Keys to Winning the Cybersecurity War

A cryptographer, a cyber security guru, and an NSA agent walk into a bar. Who buys the first round of drinks?
This is not farfetched, 43k people descended on San Francisco in February for this year’s RSA to discuss the future needs to secure our data and the technology that we use. Hot relevant topics to healthcare and pharma included – privacy, cyber threats, artificial intelligence, blockchain, and of course… hacking.

The Keys to Winning the War on Cyber Crime: Think Small & Collaborate: Chris Young of Intel security raised concern about the integrity of small data and called for collaboration in the industry as the only way to effectively secure our future. He expressed concern about the ways in which small data can be manipulated to disrupt our decision making and more.  For example, false information can be fed into automated cars to disrupt traffic systems. He focused in on the homes and the smart devices being recruited into the Mirai botnet army. He highlighted three collaborations: GitHub/OpenDXL,, and the Cyber Threat Alliance.

The call to cooperate and collaborate was echoed by Virginia Governor Terry McAuliffe who pointed out that states manage massive amounts of constituent data, and would benefit from a ‘unified national cybersecurity framework’. Coincidentally, during the conference, a security company, Recorded Future released a list of more than 60 organizations that had been hacked. The list included universities, city and state government, and federal agencies.

Geneva Convention for Cyber Crime: Microsoft president, Brad Smith called on governments of the world to unite in the fight against cybercrime.  He proposed a group of global tech experts, academics, civil society, and public and private sectors to examine attacks to determine whether it was made by a specific nation-state. While there are currently some information sharing efforts, privacy concerns remain an obstacle.

Nutrition-Like Security Labels: In his keynote at the RSA Security Conference, Hugh Thompson, CTO at Symantec talked about consumer labeling for devices that can be used to spy on us or recruited for another purpose. A possible solution, he said is to require manufacturers divulge the potential faults of their devices and called for a set of ‘security certifications’

Regulating the Internet of Things: Saying the risks of doing nothing are too great, Bruce Schneier, CTO at IBM Resilient called for creating a new government agency focused on IoT regulation to address threats like the Mirai botnet.  The market, he warned is not going to fix the problem of vulnerable devices because neither the buyer nor the seller cares.  “The market tends not to fix safety or security problems without government intervention” he said.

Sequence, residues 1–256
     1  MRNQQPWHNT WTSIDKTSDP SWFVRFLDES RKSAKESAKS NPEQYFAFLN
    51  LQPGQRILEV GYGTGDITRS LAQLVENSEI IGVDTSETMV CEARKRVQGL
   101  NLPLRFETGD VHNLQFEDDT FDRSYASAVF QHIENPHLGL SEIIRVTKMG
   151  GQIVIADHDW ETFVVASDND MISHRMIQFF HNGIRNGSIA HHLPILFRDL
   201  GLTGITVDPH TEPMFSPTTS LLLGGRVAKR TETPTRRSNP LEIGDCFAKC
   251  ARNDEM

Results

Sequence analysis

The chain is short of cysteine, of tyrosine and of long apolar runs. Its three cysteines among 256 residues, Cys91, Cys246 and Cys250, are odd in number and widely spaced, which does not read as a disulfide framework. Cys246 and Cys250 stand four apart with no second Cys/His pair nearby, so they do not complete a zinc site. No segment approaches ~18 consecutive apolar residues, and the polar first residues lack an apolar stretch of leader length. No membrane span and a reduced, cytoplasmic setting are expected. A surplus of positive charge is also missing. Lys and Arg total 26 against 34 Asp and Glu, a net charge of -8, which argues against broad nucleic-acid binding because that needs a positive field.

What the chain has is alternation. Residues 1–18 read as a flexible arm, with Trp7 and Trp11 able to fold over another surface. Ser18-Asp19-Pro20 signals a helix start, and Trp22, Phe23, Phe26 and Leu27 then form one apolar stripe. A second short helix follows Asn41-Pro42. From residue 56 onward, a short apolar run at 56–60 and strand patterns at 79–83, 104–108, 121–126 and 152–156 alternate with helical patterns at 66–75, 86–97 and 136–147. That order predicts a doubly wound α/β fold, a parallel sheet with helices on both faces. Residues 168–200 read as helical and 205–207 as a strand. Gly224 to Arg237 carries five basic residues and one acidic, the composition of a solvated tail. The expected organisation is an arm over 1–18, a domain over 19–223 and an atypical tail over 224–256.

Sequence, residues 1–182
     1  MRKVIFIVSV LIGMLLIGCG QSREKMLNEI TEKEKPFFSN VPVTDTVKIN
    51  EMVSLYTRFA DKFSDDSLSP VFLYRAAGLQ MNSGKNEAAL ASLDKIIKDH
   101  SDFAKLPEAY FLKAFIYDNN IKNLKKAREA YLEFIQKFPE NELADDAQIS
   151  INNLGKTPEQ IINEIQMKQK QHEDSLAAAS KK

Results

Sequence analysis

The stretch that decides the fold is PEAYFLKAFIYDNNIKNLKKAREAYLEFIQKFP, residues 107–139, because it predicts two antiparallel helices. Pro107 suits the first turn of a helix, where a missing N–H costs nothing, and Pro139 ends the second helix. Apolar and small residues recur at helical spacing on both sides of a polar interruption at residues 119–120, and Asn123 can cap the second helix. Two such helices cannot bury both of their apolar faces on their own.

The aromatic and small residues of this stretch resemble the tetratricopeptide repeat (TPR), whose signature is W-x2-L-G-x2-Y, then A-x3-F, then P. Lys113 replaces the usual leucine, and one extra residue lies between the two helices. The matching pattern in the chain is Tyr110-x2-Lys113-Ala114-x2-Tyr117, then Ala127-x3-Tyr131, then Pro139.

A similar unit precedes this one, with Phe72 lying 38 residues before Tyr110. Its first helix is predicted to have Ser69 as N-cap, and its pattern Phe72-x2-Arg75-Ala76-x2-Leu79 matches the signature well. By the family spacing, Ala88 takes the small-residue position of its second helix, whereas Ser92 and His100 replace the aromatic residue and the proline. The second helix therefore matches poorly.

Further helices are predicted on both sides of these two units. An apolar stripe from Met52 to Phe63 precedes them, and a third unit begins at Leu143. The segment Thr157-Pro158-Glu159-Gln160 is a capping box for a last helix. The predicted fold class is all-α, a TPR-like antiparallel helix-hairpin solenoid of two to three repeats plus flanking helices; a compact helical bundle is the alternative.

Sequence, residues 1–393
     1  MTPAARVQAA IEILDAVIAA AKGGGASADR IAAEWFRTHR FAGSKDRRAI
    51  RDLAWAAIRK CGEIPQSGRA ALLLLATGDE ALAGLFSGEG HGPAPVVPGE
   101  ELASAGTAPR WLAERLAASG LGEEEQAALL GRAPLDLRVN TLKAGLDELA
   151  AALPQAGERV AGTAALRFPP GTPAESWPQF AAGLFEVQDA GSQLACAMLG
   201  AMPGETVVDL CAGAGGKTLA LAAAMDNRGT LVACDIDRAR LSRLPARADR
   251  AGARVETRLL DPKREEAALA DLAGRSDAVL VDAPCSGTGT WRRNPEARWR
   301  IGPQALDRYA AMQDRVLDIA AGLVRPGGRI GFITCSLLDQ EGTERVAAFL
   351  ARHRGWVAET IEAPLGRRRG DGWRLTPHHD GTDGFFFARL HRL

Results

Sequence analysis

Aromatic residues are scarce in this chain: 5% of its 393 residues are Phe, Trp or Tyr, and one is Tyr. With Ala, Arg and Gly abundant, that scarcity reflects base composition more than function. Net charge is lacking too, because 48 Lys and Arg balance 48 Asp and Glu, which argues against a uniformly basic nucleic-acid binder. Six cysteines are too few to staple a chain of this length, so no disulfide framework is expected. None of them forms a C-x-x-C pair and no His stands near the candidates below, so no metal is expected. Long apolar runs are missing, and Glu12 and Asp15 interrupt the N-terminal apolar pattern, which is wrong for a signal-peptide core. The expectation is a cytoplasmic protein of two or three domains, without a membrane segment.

Can Artificial Intelligence Fill the Cyber Security Skills Gap?: As the need for cyber security grows, so too does the global talent shortage. That shortage was evident this month when 17 tech companies took their first public stand against a government policy when they filed a friend of the court brief in the lawsuits on the immigration executive order. They said that tech companies were already competing against each other for limited tech talent.  Can AI fill the skills gap? The consensus is that it cannot single-handedly detect and automatically respond to every possible attack. However, while AI cannot do it alone, several tools using some form of AI were showcased at the conference. Potentially ‘disruptive’ uses of AI are using it to sort the ‘good guys’ from the bad guys.  Those leveraging AI to better understand human behavior focused on identifying insider threats and suspect behavior.

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To HIMSS or Not To HIMSS? Find the Answer With 5 Questions

What’s reality vs perception?

The decision to exhibit at HIMSS or any other large trade show is usually made a year in advance. Do companies really know how to work a large show to get the most ROI? Is it really just about deep pockets? Are there other less expensive ways to have a competitive edge? This blog outlines the 5 questions to answer to HIMSS or not to HIMSS.

What is so magical about HIMSS? Does it really produce results? What’s reality vs perception?